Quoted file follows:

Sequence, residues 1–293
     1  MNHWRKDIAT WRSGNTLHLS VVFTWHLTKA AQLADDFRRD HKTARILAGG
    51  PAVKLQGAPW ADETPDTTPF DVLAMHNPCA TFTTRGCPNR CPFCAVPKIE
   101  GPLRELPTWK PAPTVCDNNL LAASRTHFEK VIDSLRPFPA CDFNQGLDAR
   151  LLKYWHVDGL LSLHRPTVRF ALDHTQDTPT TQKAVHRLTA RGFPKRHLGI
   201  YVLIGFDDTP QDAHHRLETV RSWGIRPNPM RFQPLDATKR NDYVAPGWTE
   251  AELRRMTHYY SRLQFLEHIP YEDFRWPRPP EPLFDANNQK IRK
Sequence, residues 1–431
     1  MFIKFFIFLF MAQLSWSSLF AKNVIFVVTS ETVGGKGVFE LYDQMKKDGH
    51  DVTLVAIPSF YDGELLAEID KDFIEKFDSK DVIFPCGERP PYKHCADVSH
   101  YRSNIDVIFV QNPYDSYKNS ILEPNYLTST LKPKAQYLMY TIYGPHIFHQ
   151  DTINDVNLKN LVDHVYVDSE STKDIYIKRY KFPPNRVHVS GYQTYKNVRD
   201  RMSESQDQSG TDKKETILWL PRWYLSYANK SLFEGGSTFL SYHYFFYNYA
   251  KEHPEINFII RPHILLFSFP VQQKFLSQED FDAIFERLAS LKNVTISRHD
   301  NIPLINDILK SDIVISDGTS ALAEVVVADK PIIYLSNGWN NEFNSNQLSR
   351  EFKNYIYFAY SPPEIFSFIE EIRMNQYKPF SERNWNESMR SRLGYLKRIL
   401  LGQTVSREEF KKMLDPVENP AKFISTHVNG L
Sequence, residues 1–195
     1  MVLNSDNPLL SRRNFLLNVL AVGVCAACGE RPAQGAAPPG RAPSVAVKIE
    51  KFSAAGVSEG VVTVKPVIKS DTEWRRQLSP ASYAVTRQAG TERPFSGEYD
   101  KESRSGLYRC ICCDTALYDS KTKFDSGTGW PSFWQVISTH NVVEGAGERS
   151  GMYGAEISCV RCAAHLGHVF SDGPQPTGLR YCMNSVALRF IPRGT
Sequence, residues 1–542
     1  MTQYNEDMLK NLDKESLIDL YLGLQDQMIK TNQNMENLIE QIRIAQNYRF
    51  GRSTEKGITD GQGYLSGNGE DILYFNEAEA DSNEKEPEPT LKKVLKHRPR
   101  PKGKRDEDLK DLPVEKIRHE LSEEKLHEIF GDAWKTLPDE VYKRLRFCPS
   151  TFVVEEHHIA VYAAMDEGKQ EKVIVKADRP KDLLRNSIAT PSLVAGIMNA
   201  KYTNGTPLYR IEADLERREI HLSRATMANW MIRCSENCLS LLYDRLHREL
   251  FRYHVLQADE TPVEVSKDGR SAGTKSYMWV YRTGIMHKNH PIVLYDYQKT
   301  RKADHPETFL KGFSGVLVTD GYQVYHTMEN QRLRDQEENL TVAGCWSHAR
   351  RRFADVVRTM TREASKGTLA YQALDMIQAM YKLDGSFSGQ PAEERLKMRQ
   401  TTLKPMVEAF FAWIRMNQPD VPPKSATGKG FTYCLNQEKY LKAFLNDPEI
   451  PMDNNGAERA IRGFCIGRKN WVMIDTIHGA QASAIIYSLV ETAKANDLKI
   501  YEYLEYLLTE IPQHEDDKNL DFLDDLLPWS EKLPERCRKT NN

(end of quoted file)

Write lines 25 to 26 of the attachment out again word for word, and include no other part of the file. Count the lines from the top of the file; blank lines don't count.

    51  GRSTEKGITD GQGYLSGNGE DILYFNEAEA DSNEKEPEPT LKKVLKHRPR
   101  PKGKRDEDLK DLPVEKIRHE LSEEKLHEIF GDAWKTLPDE VYKRLRFCPS